Brand name schools not necessarily the best

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Andrew Moen

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Sarah Walsh

Jennifer Helmsly

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Until you die, people will ask you what college you attended. This, of course, is the motivation for attending a very exclusive, very prestigious university or college. And the tool of this hedonistic cycle is the U.S. News and World Report, which rates colleges and universities by using a specific formula.

This is a flawed system that uses a formula that focuses more on the alumni and selectivity of the college, and less on things that are important to society and prospective students.

For example, U.S. News and World Report uses a formula that allocates 15 percent of its rating on student selectivity. It is disheartening that colleges who accept fewer students get a higher rating, and thus become more prestigious, causing more students to apply and be rejected.

The U.S. News and World Report also bases some of their formula on the alumni-giving rate, which is meant to show the satisfaction rate of graduates. However, this is less an indication of graduate satisfaction and more of an obligation to one’s alma mater. When colleges constantly hound their graduates for donations, you can realize how difficult it might be to resist.  There are many reasons besides satisfaction that graduates will donate. And if one university’s graduates have more expendable incomes, and thus more to give, the college’s rating goes up. A part of the formula that prospective students find so essential to choosing their college should not be based on alumni giving.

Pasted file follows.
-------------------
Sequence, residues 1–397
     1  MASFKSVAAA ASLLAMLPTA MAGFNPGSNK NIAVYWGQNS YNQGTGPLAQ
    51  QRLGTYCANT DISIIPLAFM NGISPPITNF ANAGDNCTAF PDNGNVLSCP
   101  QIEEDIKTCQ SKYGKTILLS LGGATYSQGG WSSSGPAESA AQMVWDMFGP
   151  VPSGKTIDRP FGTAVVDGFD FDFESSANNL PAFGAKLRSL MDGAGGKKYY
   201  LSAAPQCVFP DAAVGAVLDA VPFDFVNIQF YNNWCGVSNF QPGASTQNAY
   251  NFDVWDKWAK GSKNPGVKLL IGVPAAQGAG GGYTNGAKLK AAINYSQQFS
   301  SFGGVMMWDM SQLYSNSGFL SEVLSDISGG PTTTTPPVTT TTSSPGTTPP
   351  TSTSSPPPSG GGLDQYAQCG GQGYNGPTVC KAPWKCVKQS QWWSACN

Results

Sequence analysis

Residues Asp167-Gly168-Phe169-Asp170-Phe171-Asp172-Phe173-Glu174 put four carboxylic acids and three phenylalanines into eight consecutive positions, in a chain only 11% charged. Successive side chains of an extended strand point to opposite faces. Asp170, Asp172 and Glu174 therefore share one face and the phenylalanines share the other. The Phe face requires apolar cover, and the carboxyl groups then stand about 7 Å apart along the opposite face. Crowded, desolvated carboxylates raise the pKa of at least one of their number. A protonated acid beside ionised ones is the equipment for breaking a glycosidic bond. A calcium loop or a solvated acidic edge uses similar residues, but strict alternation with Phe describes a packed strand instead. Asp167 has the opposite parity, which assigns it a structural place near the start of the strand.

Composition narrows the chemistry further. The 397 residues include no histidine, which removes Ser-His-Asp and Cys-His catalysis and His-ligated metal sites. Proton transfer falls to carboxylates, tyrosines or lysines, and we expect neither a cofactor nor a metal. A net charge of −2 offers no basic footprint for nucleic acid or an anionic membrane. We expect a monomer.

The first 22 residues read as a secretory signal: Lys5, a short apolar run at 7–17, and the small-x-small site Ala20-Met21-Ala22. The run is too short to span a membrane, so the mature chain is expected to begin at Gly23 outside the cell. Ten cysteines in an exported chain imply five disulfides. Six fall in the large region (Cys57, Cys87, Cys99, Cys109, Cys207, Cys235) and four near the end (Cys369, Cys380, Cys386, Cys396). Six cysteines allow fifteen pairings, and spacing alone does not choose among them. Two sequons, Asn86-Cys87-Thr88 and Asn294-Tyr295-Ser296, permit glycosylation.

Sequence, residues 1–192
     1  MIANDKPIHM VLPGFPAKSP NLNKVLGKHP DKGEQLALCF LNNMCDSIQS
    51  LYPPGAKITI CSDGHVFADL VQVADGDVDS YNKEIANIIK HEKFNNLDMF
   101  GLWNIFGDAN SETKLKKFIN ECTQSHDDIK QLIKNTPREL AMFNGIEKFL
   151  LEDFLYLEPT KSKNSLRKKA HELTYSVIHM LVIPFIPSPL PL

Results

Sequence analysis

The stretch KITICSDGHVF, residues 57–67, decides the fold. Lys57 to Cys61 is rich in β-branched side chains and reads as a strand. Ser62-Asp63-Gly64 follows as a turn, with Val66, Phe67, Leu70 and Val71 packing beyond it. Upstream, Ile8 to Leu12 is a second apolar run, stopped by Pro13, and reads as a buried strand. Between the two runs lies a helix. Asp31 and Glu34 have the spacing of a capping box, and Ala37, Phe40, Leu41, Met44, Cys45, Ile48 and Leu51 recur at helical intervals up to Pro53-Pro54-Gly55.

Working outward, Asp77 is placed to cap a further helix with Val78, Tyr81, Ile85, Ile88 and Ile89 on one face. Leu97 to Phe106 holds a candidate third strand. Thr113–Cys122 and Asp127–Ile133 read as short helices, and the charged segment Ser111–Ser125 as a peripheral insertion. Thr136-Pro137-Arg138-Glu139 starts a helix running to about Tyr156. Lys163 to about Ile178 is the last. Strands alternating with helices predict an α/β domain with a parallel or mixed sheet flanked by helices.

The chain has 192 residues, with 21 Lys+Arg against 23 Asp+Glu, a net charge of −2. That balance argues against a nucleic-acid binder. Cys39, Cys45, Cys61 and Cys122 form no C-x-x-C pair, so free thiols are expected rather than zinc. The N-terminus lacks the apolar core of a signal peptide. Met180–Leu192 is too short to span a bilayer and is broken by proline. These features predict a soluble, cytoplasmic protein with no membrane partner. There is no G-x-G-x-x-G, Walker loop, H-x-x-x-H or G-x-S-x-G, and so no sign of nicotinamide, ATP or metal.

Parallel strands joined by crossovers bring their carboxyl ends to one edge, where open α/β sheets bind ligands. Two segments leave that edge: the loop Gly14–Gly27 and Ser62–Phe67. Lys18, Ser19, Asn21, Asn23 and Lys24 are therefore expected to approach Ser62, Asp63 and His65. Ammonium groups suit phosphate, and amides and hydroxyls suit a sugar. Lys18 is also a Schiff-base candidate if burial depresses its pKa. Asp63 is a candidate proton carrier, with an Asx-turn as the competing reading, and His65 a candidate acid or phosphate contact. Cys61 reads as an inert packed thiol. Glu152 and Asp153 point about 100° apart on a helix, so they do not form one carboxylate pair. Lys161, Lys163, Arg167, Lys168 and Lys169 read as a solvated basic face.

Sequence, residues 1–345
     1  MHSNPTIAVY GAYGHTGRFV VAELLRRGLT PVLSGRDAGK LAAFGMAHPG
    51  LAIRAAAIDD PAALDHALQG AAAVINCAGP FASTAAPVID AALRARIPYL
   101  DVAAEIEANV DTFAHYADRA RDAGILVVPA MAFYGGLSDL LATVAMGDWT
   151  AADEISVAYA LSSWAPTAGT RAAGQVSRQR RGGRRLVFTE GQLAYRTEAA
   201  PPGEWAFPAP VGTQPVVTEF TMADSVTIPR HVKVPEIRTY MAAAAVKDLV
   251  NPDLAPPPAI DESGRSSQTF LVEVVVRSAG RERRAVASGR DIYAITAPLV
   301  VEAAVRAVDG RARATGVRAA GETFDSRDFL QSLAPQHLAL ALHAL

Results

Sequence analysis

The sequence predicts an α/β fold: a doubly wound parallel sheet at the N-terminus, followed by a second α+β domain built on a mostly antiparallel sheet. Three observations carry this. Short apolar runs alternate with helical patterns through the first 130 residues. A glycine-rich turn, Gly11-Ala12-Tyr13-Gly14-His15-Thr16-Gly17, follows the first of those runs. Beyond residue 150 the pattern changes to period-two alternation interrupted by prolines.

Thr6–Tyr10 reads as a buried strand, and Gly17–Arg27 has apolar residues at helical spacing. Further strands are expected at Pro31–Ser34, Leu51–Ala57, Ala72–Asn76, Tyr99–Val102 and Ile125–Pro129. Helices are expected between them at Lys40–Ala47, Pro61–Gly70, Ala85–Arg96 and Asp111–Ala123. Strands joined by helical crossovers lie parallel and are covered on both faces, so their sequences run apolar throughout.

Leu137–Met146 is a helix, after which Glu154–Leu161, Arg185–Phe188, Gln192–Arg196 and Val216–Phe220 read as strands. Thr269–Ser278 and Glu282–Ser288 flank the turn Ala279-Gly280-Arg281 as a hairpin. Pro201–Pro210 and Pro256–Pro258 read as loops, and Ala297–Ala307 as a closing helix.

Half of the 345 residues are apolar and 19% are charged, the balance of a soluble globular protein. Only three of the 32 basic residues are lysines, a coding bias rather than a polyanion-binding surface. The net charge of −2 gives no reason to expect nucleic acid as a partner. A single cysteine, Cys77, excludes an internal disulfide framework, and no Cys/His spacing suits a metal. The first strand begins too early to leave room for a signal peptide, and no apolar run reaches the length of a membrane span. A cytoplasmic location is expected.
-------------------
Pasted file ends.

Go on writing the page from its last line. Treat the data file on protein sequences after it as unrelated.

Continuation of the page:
Pullquote Photo

I like school.”

— John Student

The magazine, which uses the college issue simply to sell more copies, also uses peer assessment to rate the colleges in the United States. For example, they ask faculty of other universities to rate how distinguished another university is. However, this is an unfair assessment because of course universities like Yale and Harvard are more “distinguished” because so many people have heard of them before.

Instead of using the faulty formula of U.S. News and World Report, students should look at other rankings as well, such as the rating system of Shanghai Jiao Tong University located in China, which puts emphasis on things society relies on, like research output.

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